Switch ASICs vs Router IOS

XenoganXenogan Registered Users Posts: 1 ■□□□□□□□□□
Question: If a L3 switch can perform routing at wire speed then why do we need routers?

This question was answered by Jeremy with CBT Nuggets by saying while switch ASICs are faster, Router IOS s necessary because it provides the necessary features such as NAT.

I get it... but don't switches have an IOS as well? Can someone provide a more clear answer?


  • docricedocrice Member Posts: 1,706 ■■■■■■■■■■
    I'm not the authority on this subject, but I'd assume the resources for a large routing table (TCAM) are not something addressed by ASICs in switches.

    Hopefully-useful stuff I've written: http://kimiushida.com/bitsandpieces/articles/
  • EdTheLadEdTheLad Member Posts: 2,111 ■■■■□□□□□□
    A layer 3 switch is a router, high end routers like CRS's and ASR9K's have fast switching ASICs in there line cards.
    Networking, sometimes i love it, mostly i hate it.Its all about the $$$$
  • Node ManNode Man Member Posts: 668 ■■■□□□□□□□
    The differences betweem routers and switches are blurring as devices become more powerful, but remember that a switch is a layer 2 device and a router is a layer 3 device. That means that a layer two device does not have to perform any routing calculations and works within a single network. A layer 3 device internetworks and needs to perform routing calculations to send packets in the best way possible according to the routing protocol.

    In regards to a layer 3 switch, the switch must determine to process a packet at a layer 2 level or 'punt' it up to layer 3 for routing.
  • slinuxuzerslinuxuzer Member Posts: 665 ■■■■□□□□□□
    Also, don't forget the need for modular expansion bays for various wan and voice modules that might not be available if you put a switch motherboard in the form factor.
  • theodoxatheodoxa Member Posts: 1,340 ■■■■□□□□□□
    Layer 3 switches don't generally support NAT or Serial Interfaces. While I don't see any reason these couldn't be supported (some 6500 Series can do NAT) packets requiring the switch to do anything other than basic routing/switching (No NAT, Encryption, etc...) and Non-IP/IPX packets can't be handled by CEF, losing any speed advantage a Layer 3 switch might offer.
    Security: CCNA [ ]
    Virtualization: VCA-DCV [ ]
  • ccie14023ccie14023 Member Posts: 183
    OK, here we go:

    In the dark ages (around 1999 or so) switches were pure layer 2 devices with ASICs which made them run at blazingly fast speeds (100 Mbps). We used one or more switches as the layer 2 connectivity for devices on a common subnet, but we needed a way to cross subnets. Hence routers. These were layer 3 devices that tended to run on general purpose CPUs and not so many ASICs. For example, the Cisco 2500 series used Motorola 68K processors. Did I say blazingly fast? The 68K could do 16 MHz. Wow.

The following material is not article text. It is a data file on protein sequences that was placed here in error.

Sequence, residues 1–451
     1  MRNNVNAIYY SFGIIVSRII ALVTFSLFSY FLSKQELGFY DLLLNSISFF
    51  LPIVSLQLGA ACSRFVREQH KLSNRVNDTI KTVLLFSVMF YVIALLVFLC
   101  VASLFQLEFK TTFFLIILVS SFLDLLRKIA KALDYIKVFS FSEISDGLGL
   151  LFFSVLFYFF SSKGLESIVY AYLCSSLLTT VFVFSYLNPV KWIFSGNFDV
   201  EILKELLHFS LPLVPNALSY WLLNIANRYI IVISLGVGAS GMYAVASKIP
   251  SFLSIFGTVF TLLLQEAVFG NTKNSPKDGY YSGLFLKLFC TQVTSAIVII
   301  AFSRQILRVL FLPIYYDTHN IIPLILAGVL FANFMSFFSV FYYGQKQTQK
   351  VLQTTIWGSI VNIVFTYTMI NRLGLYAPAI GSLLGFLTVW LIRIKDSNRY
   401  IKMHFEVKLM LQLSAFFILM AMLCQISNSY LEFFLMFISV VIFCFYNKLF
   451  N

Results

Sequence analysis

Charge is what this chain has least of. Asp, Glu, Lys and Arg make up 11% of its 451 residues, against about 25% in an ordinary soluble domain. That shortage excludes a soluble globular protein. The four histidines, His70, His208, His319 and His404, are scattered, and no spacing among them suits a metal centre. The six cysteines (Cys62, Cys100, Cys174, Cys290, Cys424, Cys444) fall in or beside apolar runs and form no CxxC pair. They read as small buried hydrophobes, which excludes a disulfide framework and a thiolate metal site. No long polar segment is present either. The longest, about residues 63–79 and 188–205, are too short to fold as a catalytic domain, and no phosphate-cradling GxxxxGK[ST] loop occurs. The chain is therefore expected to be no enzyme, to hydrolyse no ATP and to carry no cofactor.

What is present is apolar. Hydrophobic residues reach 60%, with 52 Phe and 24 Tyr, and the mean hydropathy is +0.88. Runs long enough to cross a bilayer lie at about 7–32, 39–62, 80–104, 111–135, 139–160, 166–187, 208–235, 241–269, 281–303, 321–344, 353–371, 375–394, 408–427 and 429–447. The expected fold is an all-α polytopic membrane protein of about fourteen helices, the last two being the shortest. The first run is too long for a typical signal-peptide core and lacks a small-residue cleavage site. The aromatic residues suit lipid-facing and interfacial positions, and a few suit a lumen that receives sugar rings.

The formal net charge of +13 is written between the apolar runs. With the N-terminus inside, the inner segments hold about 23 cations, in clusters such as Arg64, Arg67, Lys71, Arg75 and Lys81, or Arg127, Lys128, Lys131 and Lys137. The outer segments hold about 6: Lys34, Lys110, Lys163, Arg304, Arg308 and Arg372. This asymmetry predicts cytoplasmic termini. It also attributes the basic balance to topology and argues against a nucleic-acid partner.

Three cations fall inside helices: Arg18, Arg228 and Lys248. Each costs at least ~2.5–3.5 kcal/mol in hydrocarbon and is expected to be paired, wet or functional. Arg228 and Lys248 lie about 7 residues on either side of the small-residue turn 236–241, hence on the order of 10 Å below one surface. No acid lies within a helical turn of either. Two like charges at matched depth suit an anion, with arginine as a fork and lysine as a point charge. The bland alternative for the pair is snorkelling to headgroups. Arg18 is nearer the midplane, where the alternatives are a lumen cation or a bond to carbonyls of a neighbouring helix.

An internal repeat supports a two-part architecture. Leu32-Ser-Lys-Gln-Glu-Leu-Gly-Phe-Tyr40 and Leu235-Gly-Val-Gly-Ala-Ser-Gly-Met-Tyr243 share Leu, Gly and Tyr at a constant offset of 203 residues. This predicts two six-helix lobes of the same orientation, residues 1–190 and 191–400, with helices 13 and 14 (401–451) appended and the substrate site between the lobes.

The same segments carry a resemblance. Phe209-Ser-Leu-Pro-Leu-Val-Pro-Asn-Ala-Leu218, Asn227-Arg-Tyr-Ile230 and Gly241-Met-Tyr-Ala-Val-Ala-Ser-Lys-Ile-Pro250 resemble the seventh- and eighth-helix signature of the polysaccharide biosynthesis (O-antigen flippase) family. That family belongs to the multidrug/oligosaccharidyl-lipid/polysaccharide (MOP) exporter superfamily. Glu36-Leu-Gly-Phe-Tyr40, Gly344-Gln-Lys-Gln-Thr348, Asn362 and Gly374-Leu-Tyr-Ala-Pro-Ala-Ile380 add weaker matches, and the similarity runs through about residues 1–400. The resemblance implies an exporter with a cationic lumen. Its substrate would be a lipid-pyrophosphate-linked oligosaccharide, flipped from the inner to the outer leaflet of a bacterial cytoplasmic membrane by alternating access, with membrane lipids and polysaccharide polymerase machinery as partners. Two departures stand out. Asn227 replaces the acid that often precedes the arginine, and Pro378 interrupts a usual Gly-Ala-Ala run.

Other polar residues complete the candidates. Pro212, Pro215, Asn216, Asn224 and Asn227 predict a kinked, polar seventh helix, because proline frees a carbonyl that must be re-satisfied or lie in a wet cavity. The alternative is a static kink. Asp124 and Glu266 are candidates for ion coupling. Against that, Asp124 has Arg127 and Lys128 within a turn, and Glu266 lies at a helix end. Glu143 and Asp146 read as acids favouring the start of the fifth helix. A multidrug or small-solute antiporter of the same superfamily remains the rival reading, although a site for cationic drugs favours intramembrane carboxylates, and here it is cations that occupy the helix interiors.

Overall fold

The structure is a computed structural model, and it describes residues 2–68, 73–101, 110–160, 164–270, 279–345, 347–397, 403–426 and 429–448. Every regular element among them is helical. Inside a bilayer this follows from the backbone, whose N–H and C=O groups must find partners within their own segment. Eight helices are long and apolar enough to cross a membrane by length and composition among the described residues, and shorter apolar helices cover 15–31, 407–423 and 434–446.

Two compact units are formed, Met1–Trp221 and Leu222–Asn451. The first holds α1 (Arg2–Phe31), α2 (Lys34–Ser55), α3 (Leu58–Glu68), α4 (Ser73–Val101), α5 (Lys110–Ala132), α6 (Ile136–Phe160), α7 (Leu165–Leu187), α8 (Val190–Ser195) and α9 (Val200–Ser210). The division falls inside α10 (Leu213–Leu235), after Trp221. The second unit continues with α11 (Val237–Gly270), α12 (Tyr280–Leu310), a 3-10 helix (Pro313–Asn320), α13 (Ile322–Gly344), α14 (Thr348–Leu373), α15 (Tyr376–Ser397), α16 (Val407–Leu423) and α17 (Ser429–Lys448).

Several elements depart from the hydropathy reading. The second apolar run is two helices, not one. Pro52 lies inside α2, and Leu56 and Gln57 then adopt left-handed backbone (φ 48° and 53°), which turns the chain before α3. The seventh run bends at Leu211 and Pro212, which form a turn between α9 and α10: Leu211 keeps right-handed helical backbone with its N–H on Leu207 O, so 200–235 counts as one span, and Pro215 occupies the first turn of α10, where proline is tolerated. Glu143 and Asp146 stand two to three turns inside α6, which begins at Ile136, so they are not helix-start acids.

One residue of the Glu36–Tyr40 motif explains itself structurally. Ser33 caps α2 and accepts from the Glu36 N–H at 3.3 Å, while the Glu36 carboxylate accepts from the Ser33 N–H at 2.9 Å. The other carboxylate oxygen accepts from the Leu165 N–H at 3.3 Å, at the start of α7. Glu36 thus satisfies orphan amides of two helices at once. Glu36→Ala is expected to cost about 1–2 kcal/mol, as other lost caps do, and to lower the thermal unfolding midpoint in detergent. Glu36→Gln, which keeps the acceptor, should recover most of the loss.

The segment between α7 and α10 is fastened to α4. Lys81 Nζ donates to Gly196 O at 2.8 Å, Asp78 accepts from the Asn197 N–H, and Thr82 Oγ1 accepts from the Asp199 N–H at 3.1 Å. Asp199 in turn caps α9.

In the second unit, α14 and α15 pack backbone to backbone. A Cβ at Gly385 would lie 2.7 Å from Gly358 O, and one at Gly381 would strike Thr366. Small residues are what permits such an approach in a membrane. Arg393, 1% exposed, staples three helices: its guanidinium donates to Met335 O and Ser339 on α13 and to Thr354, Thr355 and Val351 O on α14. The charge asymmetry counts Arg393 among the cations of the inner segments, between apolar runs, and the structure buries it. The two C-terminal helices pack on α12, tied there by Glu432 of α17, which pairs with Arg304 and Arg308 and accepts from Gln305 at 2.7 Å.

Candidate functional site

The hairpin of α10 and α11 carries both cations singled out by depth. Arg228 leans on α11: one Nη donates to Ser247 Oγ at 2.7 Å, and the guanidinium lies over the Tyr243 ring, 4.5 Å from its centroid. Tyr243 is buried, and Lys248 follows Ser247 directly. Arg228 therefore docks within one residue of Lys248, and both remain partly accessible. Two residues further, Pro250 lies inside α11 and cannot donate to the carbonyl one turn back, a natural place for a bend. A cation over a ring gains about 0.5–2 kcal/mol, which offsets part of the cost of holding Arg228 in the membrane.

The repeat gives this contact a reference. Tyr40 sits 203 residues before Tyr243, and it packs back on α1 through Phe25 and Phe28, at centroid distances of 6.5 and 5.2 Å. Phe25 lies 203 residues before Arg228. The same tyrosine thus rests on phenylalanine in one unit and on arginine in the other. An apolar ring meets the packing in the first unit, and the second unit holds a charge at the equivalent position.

Then someone got an idea: why not build the layer 3 router function into the switch? After all, by this time, people weren't using separate switches for subnets but were using VLANs. So, I could build a big switch and stick a router into it and have the inter-VLAN routing done on box. The early incarnation of this, the Cat 5K with Route Switch Module (RSM) actually had two different CLIs. You logged into the RSM separately from the switch, and the RSM used IOS while the layer 2 portion used CatOS. Eventually Cisco and other vendors realized this was silly and started to integrate routing and switching CLI even while having separate hardware internally. So now you had a combined layer 2/layer 3 box which made administration easier but confused the heck out of future generations of network engineers, who were told that layer 2 and layer 3 are separate and then were told to administer a box where they weren't.

    Meantime, Cisco decided to take its 6500 platform, stick a 7600 label on it, and sell it as a "router" since they thought service providers like to buy routers and not switches. At first the 6500 and 7600 platforms were totally identical. Here at Juniper we do something similar. Our EX 9200 switches are basically just MX routers.

    Radia Perlman has suggested that maybe "switch" is just a generic term for a packet pushing box, and has lost a technically specific meaning. I tend to agree. I would disagree with a previous poster who said you can't do NAT on a switch. You can on many if not most. Switches these days have many of the same functions as routers, and routers have many of the functions of switches (e.g., fast packet pushing via ASIC.) The difference seems to be one of product placement. Switches are targeted at campus and data center, tend to have a high density of relatively homogenous port types (Ethernet mainly), and often have specialized features designed for high-density low-latency moving of packets. See Juniper's Virtual Chassis Fabric, for example. Routers tend to have a lower port density, support more interface types, and may have more features, although not always.

    In short, if you're confused, you have every right to be. I've been in this business a long time, work for a vendor, and I'm confused. Welcome to networking!
  • powmiapowmia Users Awaiting Email Confirmation Posts: 322
    Switches are cheaper for switching, Routers are cheaper for routing. They both use ASICs, but getting a box with enough ASIC to power high port density, along with enough TCAM (for a variety of features) is expensive. This is why you have commodity switches (Broadcom) that are essentially a switch on a chip. Once you branch out of what can be built into a generic ASIC, you get a more integrated system.
Sign In or Register to comment.